Cart Before the Horse – Requesting Accommodations to Condominium Common Elements Before Commencing Litigation

Mahdi Hussein, B.A. (Hons.), JDAdministrative Law, Commercial Litigation, Condo Construction, Condo Litigation, Construction | Builders, Human Rights0 Comments

In Charlie Andrews v. Great Gulf, 2019 HRTO 370, the applicant, a condominium owner, alleges that the respondent, builder of the condominium complex, failed to provide gender-inclusive washrooms in the pool and stream areas of the condominium building. The builder of the condominium complex did not file a response, but rather, asked that the matter be dismissed as it had no prospect of success, as the builder could not be held liable for the alleged discrimination, since: It no longer had an ongoing service relationship with the condominium; The applicant, as a condominium board member could not point to any requests by any individual, including themselves, that the builder or condominium provide gender-inclusive change rooms; The  subject areas that were allegedly discriminatory were located in the common elements of the condominium and related to accessibility,  rendering it the responsibility of the condominium, of which the applicant was a member; and At the time the … Read More

Three Ways Out of An Agreement of Purchase and Sale

Fatima VieiraCivil Litigation, Condo Litigation, Real Estate Litigation0 Comments

A recent decision of the Ontario Court of Appeal in Jung v. Talon demonstrates at least three ways out of an agreement of purchase and sale with return of deposits. The Ontario Court of Appeal considered appeals in two related cases. The first case, “A.” involved Jung and a numbered company as the purchasers of two commercial condominium units at the Trump International Hotel. The second case, “B.” involved Jung as the purchaser of a residential unit in the same property. The developer in both cases was Talon. In A., Talon delayed closing and ultimately scheduled a later occupancy date.  It then provided a revised disclosure statement indicating changes in the condominium building and the commercial units. Jung took the position that these were material changes which entitled the purchaser to rescission under s. 74(7) of the Condominium Act, 1998 and he delivered Notices of Rescission. In response, Talon brought … Read More

Maryland judgment domesticated in Ontario

Elisha Hale, LL.B (Hons) Dip.Civil Litigation, Cross-Border Litigation, Debt and Enforcing Judgments, Enforcement of Foreign Judgments0 Comments

In Kaveh v Kaveh Semnani 2019 ONSC 996, the Ontario Superior Court of Justice was asked to determine whether the Maryland Court had jurisdiction and if the judgment could be recognized and enforced in Ontario. The Plaintiff alleged that the Defendant owed him money and the Defendant argued that the Maryland Court did not have proper jurisdiction to hear the case. The Defendants did not defend the case before the Maryland Court and a default judgment was granted in their absence.  Subsequently, the Plaintiff sought to have the Maryland judgment recognized in Ontario. Real and substantial connection test The Court applied the ‘real and substantial connection test’ which functions only to test whether the Maryland Court correctly assumed jurisdiction over the matter.  The Ontario Court did not consider the facts of the original matter before the Maryland Court, except to consider if the facts would relate to any potential defence … Read More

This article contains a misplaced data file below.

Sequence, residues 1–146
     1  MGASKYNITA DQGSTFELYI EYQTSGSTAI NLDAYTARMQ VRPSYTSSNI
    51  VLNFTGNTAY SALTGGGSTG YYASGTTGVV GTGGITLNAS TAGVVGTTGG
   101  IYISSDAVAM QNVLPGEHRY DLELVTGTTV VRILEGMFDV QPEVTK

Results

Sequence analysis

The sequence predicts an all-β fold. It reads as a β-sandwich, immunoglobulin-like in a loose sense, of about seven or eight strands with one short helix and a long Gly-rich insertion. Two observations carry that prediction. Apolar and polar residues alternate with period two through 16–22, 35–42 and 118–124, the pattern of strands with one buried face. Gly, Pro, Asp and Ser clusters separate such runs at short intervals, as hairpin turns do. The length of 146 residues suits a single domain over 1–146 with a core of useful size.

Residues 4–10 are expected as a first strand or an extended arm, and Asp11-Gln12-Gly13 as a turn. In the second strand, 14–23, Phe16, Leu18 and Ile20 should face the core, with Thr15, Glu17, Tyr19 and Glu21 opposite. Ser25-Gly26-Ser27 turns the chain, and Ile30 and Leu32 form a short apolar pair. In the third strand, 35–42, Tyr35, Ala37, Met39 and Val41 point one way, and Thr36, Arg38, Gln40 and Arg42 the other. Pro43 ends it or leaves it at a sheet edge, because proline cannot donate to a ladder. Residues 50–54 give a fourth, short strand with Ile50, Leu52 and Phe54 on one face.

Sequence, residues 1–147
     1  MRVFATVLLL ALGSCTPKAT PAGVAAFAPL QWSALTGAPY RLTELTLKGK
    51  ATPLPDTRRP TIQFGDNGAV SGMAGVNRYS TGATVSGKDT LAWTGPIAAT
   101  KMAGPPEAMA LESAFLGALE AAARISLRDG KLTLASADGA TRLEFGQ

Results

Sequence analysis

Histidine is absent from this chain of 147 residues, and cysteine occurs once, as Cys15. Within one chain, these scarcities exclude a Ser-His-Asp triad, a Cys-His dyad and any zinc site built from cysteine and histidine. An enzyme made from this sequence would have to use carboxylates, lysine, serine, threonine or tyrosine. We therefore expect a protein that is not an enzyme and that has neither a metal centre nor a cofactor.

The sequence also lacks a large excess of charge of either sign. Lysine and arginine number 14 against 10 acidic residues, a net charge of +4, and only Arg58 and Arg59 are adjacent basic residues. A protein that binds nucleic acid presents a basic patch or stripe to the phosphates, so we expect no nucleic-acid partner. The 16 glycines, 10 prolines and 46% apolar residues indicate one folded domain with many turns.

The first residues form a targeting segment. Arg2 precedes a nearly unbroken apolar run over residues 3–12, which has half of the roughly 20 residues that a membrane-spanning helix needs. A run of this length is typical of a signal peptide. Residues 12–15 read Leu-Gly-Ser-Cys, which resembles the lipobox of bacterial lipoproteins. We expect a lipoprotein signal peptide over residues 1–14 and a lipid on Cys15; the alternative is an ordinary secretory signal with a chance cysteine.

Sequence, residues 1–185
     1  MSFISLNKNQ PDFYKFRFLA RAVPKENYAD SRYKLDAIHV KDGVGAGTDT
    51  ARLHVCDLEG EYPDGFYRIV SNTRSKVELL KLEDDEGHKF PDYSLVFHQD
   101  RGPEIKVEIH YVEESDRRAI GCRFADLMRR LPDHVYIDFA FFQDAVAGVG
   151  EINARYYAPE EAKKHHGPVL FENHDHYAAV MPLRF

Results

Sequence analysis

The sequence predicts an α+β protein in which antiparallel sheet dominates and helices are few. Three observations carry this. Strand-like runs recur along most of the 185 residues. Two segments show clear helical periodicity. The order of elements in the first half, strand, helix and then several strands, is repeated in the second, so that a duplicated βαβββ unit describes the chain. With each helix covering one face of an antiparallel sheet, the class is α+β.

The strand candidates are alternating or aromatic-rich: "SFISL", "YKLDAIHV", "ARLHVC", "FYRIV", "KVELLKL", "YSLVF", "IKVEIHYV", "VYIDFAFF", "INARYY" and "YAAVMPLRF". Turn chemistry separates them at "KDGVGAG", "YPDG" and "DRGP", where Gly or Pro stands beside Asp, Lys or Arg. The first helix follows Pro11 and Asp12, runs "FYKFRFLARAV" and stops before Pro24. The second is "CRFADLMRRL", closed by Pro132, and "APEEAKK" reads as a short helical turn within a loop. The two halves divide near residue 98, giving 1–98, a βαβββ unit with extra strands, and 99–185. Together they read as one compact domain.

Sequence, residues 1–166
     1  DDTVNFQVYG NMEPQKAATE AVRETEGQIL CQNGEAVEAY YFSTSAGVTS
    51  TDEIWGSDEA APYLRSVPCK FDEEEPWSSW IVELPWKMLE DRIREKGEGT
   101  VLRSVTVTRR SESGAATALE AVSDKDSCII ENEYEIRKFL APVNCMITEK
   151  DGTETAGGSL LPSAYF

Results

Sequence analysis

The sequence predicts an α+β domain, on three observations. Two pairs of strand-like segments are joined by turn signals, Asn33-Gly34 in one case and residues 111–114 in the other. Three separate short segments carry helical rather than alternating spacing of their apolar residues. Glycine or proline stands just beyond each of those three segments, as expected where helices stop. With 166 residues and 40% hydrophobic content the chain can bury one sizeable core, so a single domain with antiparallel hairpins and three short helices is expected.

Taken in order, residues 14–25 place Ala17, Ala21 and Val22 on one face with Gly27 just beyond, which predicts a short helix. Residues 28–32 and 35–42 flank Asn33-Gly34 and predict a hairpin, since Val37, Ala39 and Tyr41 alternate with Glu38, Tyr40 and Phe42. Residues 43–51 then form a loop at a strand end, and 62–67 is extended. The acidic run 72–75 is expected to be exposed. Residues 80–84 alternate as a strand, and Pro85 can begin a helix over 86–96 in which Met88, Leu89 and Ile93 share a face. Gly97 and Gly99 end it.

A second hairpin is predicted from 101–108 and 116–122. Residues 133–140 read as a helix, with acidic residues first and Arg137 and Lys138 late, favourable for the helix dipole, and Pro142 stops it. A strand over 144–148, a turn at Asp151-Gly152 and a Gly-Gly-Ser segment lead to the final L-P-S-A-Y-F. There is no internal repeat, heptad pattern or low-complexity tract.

Ontario Health Professions College Complaints: Some Do’s and Don’ts

R. Lee Akazaki, C.S., B.A. (Hons.), J.D.Administrative Law, Tribunals0 Comments

The dreaded day has suddenly come, and your professional college informs you that a patient or someone you assessed months ago for an auto insurance claim has lodged a frivolous complaint under the Regulated Health Professions Act. (“Act”)  (The college won’t use the word “frivolous,” of course.)  Draw a deep breath and banish any thoughts of making an angry response.  Instead, consider the Japanese martial art of Jujitsu , where one’s strongest weapon is the ability channel the force of one’s opponent against him. Under schedule 2 of the Act, named the Health Professions Procedural Code (“Code”), every health profession college in Ontario maintains an Inquiries, Complaints and Reports Committee (ICRC) to investigate and vet complaints against members.  It does not matter whether you are a doctor, a psychologist or an occupational therapist.   The Code requires each college to follow the same general procedure.  While it may seem that this … Read More

Fork In the Road: Critical Considerations by Condominium Corporations in Anticipatory Failed Closings

Mahdi Hussein, B.A. (Hons.), JDAppeals, Appellate Advocacy, Civil Litigation, Commercial, Commercial Contracts, Condo Construction, Condo Litigation, Contract Disputes, Real Estate Litigation0 Comments

In 1179 Hunt Club Inc. v. Ottawa Medical Square Inc., 2019 ONCA 700, the purchasers, Ottawa Medical Square Group, entered into an Agreement for Purchase and Sale to purchase condominium units owned by the vendor, 1179 Hunt Club Inc. The value of the commercial condominium units in the Hunt Club Project was $5.6 million dollars. Five days before closing, the purchasers, sent a request to the vendor, requesting an extension of time as the purchasers had not yet finalized their arrangements for financing. Three days before closing, the vendor advised that it would insist on closing, and if the purchaser could not close, it would exercise its rights and remedies under the Agreement for Purchase and Sale. On the date of closing, the vendor learned that the Land Registry Office had made an error in assigning parcel identification numbers. Although this error was ameliorated later that day, this mishap, prevented … Read More